Sarah L. Yoder, Jason Ichimaru, Emily Lu, and Nghi Tran
As the number of individuals with autism spectrum disorder (ASD) entering adulthood grows, it is crucial to identify interventions that can help this population acquire adaptive behaviors necessary for independent living and employment. This study aimed to identify how Autisty Studio’s project-based therapy impacts this population’s engagement in adaptive behaviors.The study utilized the Brief Adaptive Behavior Scale (BABS), a quantitative assessment informed by the BRIEF-2 and the Vineland-II, to measure improvements in adaptive behaviors in 11 participants at Autistry Studios. Specifically, the BABS measured frequency (Frq), highest level of assistance (LoAHigh) required, and lowest level of assistance (LoALow) required to engage in adaptive behaviors over the course of nine sessions. Domains of Frq, LoAHigh and LoALow scores included executive functioning (EF), socialization (SOC), and self-regulation (SR). Analysis using a Repeated Measures ANOVAs and paired-sample T-test found significant differences and trends toward significance of the LoAHigh and LoALow scores in the domains of EF and SOC , indicating that Autistry’s pre-vocational, project-based therapy program is effective in improving adaptive behavior skills in adults with ASD, as measured by the BABS.
Facilitating Effective Communication Between First Responders and Older Adults During Fall Incidents
Krystin M. Beeman, Erica L. Berger, Isabel A. Cabezas, and Nicole M. Mathews
PURPOSE. The purpose of this project was to provide first responders with communication strategies for older adults that may help when responding to fall- related calls. General information was also provided to First Responders on working with older adults with a focus on the aging process, fall risk factors, and communications strategies.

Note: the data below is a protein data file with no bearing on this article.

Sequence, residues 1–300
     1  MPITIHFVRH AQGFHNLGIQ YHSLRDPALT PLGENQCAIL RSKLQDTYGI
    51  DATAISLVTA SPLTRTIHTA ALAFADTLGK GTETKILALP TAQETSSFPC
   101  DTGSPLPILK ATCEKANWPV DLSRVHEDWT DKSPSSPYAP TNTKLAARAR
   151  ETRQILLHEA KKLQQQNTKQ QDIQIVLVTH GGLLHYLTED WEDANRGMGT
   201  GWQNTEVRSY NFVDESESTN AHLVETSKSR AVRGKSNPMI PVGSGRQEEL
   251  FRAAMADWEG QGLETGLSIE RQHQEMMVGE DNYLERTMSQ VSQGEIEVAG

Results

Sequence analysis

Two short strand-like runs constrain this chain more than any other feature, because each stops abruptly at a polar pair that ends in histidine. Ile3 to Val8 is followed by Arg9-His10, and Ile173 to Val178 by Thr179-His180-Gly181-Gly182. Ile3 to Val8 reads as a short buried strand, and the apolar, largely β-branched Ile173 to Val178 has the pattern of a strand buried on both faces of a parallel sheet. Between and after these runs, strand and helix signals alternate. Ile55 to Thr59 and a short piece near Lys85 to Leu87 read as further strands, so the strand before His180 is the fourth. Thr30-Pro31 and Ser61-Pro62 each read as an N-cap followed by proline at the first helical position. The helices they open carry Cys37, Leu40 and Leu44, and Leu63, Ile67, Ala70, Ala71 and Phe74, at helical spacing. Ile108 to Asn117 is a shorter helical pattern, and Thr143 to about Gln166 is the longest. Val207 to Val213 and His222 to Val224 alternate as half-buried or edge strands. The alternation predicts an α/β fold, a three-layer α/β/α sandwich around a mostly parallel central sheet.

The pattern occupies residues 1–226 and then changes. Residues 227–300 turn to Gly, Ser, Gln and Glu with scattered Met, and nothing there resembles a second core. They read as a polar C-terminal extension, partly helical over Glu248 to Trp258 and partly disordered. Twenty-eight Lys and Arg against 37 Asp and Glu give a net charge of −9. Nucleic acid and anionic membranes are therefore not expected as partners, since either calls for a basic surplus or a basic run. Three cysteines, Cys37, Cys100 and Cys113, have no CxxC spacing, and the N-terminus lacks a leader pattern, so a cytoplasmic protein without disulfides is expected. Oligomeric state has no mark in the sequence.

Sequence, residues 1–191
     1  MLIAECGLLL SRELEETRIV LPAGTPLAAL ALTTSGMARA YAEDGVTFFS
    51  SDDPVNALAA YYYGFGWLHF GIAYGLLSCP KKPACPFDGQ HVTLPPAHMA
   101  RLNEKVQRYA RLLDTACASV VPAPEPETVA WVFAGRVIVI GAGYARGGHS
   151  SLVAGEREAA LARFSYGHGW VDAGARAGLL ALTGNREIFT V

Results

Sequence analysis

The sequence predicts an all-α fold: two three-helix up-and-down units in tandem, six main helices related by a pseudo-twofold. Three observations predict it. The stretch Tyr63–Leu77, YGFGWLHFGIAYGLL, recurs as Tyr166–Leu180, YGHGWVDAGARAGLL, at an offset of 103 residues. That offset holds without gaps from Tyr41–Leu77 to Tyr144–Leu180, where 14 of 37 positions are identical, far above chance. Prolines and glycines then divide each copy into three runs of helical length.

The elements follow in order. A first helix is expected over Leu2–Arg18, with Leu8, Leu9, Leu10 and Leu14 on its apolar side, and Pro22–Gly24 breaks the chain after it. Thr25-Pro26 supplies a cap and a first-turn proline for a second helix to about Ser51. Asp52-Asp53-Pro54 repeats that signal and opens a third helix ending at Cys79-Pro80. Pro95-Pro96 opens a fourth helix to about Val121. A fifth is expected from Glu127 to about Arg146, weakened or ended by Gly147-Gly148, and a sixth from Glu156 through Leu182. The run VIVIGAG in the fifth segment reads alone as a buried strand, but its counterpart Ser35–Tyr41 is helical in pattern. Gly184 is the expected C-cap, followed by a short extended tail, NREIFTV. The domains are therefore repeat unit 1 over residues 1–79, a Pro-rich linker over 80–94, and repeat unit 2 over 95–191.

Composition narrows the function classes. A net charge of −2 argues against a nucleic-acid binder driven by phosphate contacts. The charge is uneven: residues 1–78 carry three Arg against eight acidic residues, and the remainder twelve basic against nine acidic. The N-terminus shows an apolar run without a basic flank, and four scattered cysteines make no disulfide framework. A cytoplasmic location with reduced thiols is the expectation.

METHODS. A series of educational sessions to first responders at a local fire district were developed and presented by occupational therapy students. Materials were developed by presenters from evidence-based resources and tailored to the target population. Each presentation focused on statistics about older adults, the aging process, fall risk factors, and effective communication strategies for older adults. Each two hour presentation consisted of a lecture, role play, and a discussion period.
RESULTS. Evaluations were completed by participants upon the conclusion of each educational presentation. Evaluations included rating the quality and information provided, and whether participants recommend this training to other first responders. The average rating was 92-98% which indicated participants strongly agree and the training was useful and would recommend it to other first responders.
CONCLUSION. As the older adult population increases, more individuals wish to “age in place”, leading to an increased number of falls among older adults, and requiring emergency care from first responders. Information and communication strategies provided through educational presentations to first responders may help facilitate effective communication during an emergency call with an older adult and also prevent future falls. Collaboration with first responders can help occupational therapists develop new role regarding fall prevention and communication with older adults.
Eugene Cheung, Janice S. Li, Diana Lopez, and Angela Talamantez